Donald Trump has expressed his xenophobia through the words in his executive orders. The man has gone to the extreme by passing a law that bans 7 Muslim-majority countries from entering the United States. Another one of his orders gave more power to Immigration and Customs Enforcement(ICE), and they have taken advantage of it by going on raids across the country and tearing families apart.
Librarians across the nation have felt a discuss and disagreement towards his policies, according to Elizabeth Flock of PBS Newshour.
The American Library Association(ALA) made a statement last month to encouraged its 57,000 members to speak out against the administration.
“Our nation’s 120,000 public, academic, school and special libraries serve all community members, including people of colour, immigrants, people with disabilities and the most vulnerable in our communities, offering services and educational resources that transform communities, open minds, and promote inclusion and diversity,” The statement read.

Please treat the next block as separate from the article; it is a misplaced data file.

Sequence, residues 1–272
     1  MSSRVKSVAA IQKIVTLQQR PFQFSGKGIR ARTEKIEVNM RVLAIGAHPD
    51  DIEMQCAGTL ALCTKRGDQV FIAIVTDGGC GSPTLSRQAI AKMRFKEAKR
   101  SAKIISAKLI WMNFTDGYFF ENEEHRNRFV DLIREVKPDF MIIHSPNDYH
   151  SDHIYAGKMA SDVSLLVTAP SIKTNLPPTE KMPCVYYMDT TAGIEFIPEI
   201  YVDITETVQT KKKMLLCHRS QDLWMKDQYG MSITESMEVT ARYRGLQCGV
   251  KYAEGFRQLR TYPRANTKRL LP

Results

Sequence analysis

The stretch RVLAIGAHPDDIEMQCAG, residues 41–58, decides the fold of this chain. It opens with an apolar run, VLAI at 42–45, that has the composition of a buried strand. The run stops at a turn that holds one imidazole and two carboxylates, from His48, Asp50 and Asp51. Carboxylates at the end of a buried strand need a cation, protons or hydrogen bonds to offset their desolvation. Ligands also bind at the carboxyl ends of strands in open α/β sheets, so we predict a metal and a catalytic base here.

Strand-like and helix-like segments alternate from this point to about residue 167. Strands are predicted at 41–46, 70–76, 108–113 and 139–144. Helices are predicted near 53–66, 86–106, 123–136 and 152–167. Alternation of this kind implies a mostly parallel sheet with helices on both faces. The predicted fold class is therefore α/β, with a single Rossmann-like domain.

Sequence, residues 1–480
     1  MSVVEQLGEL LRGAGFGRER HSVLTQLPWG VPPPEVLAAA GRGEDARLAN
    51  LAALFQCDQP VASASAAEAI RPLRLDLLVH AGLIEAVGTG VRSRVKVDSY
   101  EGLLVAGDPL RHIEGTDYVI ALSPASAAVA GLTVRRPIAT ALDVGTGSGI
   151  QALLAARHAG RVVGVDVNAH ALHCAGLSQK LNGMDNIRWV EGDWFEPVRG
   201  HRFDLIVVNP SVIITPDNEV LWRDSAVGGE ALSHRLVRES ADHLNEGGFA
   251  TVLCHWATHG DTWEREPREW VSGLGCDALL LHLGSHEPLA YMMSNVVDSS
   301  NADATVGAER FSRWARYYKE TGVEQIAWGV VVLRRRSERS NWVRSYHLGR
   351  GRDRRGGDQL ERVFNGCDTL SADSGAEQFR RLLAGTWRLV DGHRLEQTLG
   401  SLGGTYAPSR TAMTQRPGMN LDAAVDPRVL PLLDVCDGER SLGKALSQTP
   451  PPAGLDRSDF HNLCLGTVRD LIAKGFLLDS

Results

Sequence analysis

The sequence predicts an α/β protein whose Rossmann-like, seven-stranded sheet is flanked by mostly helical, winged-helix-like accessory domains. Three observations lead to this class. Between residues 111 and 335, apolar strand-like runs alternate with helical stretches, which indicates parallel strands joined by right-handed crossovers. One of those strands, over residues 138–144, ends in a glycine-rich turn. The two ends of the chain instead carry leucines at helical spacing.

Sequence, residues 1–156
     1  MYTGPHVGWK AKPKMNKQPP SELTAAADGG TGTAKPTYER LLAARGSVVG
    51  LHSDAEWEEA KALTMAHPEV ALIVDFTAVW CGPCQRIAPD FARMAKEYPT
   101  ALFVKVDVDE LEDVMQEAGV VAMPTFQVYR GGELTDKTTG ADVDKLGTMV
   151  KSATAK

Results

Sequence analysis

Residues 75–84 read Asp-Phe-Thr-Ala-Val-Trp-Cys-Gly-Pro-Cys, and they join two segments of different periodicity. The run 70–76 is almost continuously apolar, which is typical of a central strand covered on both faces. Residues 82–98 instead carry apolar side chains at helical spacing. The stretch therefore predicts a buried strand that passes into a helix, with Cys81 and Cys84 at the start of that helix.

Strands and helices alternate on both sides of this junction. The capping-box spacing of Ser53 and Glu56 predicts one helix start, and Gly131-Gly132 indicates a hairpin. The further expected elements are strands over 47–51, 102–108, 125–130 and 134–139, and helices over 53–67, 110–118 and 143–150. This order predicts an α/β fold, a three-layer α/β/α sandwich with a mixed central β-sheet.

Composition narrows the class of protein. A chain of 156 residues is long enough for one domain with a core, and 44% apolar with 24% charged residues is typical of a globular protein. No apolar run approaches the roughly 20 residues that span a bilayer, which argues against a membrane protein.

Libraries across the nation have offered a safe haven for immigrants.
According to the Guardian, “in Nebraska, assistant library director Rebecca McCorkindale created a poster using the tagline “Libraries for Everyone” that has been used to support campaigns across the US. Hennepin County library in Minnesota, which serves large Somali and Spanish communities, offered one typical response: it joined the “All are welcome here” campaign in a bid to reassure locals.”
Youth programs and services coordinator, Bernie Farrell, said: “We want them to feel welcome. We want them to feel safe. We want them to feel that if they ask questions about any topics, we’ll give them relevant and helpful information or relevant and helpful referrals.”
Massachusetts-based librarian Elizabeth McKinstry told PBS Newshour: “We are huge resources for newcomers to this country, whether it’s for connection to this country, legal resources, testing preparation, citizen tests, services like story times or homework help. We are there for the most vulnerable folks in our communities, people on the other side of the digital or language divide.